MATH 101: Trigonometry & Algebra  Credits: 4  − Description 

MATH 105: Discrete Mathematics  Credits: 4  − Description 

MATH 106: Intro Ideas & Methods Of Math  Credits: 4  − Description 

MATH 107: Intro. Probability and Statistics  Credits: 4  − Description 
Content: Fall, spring. Sample spaces, probability, Bayes theorem, independence, random variables, binomial distributions, normal distribution, sampling distributions, confidence intervals. 
MATH 108: Intro To Linear Algebra  Credits: 4  − Description 

MATH 109: Game Theory, Graphs and Math. Models  Credits: 4  − Description 
Content: Convex sets, linear inequalities, linear programming, twoperson games, finite
graphs. Applications in management, economics, and behavioral sciences. 
MATH 111: Calculus I  Credits: 4  − Description 
Content: Fall, spring. Limits, derivatives, antiderivatives, the definite integral. 
MATH 112: Calculus II  Credits: 4  − Description 
Content: Fall, spring. Prerequisite: Math 111, 115, or placement. Techniques of integration,
exponential and logarithm functions, sequences and series, polar coordinates. 
MATH 112Z: Calculus II  Credits: 4  − Description 
Content: Fall. For firstyear students who have received a score of 4 or 5 on Calculus AB
advanced placement exam. 
MATH 115: Life Science Calculus I  Credits: 4  − Description 
Content: Fall. First semester calculus with an emphasis on applications to the life sciences.
This course is recommended by the biology department and the NBB program for
its majors. 
MATH 116: Life Sciences Calculus II  Credits: 4  − Description 
Content: Spring. Integration, differential equations, multivariable calculus, and discrete probability and statistics, with an emphasis on applications to biology. Prerequisites: Math 115 or AP calculus placement. Students with the AP prerequisite are strongly
advised to meet the instructor before the beginning of the term. 
MATH 119: Calculus with Business Applications  Credits: 4  − Description 
Content: Fall, spring. Derivatives, logarithmic and exponential functions, integrals. Applications and techniques emphasized. (Note: This course is designed primarily for students who plan to enter the Goizueta Business School at Emory. It should not be taken by students who have either taken or plan to take Mathematics 111 or 112.) 
MATH 130: Basic Programming & Computer  Credits: 2  − Description 

MATH 190: Freshman Seminar: Sports, Games and Gambling  Credits: 4  − Description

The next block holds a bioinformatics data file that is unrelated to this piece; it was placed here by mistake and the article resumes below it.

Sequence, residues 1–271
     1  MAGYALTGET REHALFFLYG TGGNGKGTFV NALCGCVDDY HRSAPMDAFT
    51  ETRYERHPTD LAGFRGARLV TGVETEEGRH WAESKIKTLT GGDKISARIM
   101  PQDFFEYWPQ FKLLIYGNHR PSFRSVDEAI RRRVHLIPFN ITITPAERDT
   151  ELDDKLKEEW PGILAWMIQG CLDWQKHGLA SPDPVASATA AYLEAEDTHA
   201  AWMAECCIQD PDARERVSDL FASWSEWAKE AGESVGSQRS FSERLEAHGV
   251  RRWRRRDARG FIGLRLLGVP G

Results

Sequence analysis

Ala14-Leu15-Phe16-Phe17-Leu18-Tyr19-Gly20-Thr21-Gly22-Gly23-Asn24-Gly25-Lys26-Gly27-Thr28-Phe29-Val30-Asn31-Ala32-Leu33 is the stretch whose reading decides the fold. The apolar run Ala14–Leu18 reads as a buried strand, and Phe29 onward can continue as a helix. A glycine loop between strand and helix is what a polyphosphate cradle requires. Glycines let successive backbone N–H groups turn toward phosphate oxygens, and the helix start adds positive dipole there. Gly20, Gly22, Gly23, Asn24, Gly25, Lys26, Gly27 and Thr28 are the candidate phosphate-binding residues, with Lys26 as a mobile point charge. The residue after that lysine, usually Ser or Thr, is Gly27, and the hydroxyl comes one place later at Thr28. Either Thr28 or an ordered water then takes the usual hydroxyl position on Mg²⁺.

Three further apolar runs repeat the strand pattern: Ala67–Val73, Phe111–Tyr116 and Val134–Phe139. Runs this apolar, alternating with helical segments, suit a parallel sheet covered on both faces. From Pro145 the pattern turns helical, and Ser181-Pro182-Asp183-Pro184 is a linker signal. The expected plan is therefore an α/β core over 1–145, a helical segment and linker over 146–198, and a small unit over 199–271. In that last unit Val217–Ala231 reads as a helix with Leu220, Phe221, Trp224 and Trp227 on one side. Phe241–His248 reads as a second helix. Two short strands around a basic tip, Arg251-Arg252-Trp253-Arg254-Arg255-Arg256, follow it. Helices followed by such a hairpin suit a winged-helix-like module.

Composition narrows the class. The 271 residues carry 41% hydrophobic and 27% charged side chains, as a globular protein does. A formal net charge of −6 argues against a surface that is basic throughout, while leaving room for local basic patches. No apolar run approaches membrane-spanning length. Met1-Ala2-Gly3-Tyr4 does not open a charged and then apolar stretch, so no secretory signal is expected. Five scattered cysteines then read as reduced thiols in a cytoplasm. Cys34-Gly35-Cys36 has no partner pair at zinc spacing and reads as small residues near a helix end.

Content: In this course we will learn some mathematics from the areas of
probability, game theory, and combinatorial design theory by
investigating topics from the world of sports, competitive games
of strategy, casino games, lotteries, and the mathematical theory
of games. Depending upon the interests of students in the class,
possible topics include backgammon, poker, othello (and other
board games), football and basketball pools, baseball statistics,
evaluation of individual player performances in team sports such
as basketball and hockey, and card games such as hearts, casino
and blackjack (although the complexity of the game and the use
of multiple deck shoes make a mathematical analysis of blackjack
beyond the scope of this seminar, we can still make intelligent
empirical observations about various playing and betting strategies;
i.e., we can still have a good time playing the game). 
MATH 190: Freshman Seminar: Theory of Knots  Credits: 4  − Description 
Content: Knots are familiar objects. We use them to tie our shoes, wrap our packages, and moor our boats. Yet they are also quite mysterious: if you have two tangled up ropes, for instance, can you tell if they are tied in the same knot?
This course will introduce some of the mathematical techniques people have developed to study knots, partially in an attempt to answer this very question. Additionally, these studies lead to deep results about topology and geometry. We will also see various applications, like how knot theory is relevant to the study of DNA. Particulars: Text: The Knot Book, by Colin Adams 
MATH 190: Freshman Seminar: Cryptology  Credits: 4  − Description 
Content: When you buy something on the web, you broadcast your credit card number to untold numbers of other computers. How is your number kept secret? When you swipe your credit card at the grocery store checkout, sometimes the machine knows that it misread your card without calling Visa. How does it know? These questions and others will be answered. Also, we will discuss the role of secret codes and codebreaking in wartime, criminal activity, and the lives of lawabiding citizens. Particulars: The style of this course will be halfway between a humanities and a mathematics class. Prerequisites: 4 or 5 on the Calculus AB exam or equivalent on the Calculus BC exam. 
MATH 190: Freshman Seminar: Mathematics and Politics  Credits: 4  − Description 
Content: Can a game explain the irrationality of the arms race of the 1980's? Is democracy, in the sense of reflecting the will of the people, impossible? In this course we will use mathematics to explore questions like these. The "politics" in the course will cover five topics such as international conflict, yesno voting systems, political power, and social choice. The "mathematics" will be conceptual rather than computational and will include symbolic representation and manipulation, game theory, mathematical modeling, and logical deduction. Particulars: Text: Mathematics and Politics: Strategy, Voting, Power, and Proof, by Alan. D. Taylor Prerequisites: There are no prerequisites, however students should have an interest in mathematics and political science. 
MATH 190: Freshman Seminar: The Mathematics of Sports, Games and Gambling  Credits: 4  − Description 
Content: The course is designed to build the laws of probability and game